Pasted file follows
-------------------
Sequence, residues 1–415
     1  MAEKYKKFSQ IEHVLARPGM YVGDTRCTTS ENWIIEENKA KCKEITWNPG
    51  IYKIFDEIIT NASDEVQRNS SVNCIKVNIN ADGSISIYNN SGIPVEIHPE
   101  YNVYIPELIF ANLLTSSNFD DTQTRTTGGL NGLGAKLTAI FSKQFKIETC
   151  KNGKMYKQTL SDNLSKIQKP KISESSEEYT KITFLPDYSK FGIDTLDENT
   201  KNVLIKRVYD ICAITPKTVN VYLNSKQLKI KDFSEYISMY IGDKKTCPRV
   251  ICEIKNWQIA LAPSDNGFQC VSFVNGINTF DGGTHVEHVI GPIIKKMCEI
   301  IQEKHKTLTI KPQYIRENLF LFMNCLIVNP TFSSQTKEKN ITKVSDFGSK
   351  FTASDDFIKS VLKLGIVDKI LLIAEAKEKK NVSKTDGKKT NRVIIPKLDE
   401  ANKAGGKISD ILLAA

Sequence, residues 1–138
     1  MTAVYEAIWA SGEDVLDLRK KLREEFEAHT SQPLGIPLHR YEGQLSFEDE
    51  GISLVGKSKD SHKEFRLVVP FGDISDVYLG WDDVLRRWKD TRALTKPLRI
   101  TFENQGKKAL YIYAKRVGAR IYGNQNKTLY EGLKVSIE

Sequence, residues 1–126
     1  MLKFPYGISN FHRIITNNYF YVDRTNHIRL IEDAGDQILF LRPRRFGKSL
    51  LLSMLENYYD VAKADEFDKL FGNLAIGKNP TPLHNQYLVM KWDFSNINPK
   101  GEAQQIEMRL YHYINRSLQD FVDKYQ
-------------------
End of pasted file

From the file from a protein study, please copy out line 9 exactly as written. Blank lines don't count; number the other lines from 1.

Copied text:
   351  FTASDDFIKS VLKLGIVDKI LLIAEAKEKK NVSKTDGKKT NRVIIPKLDE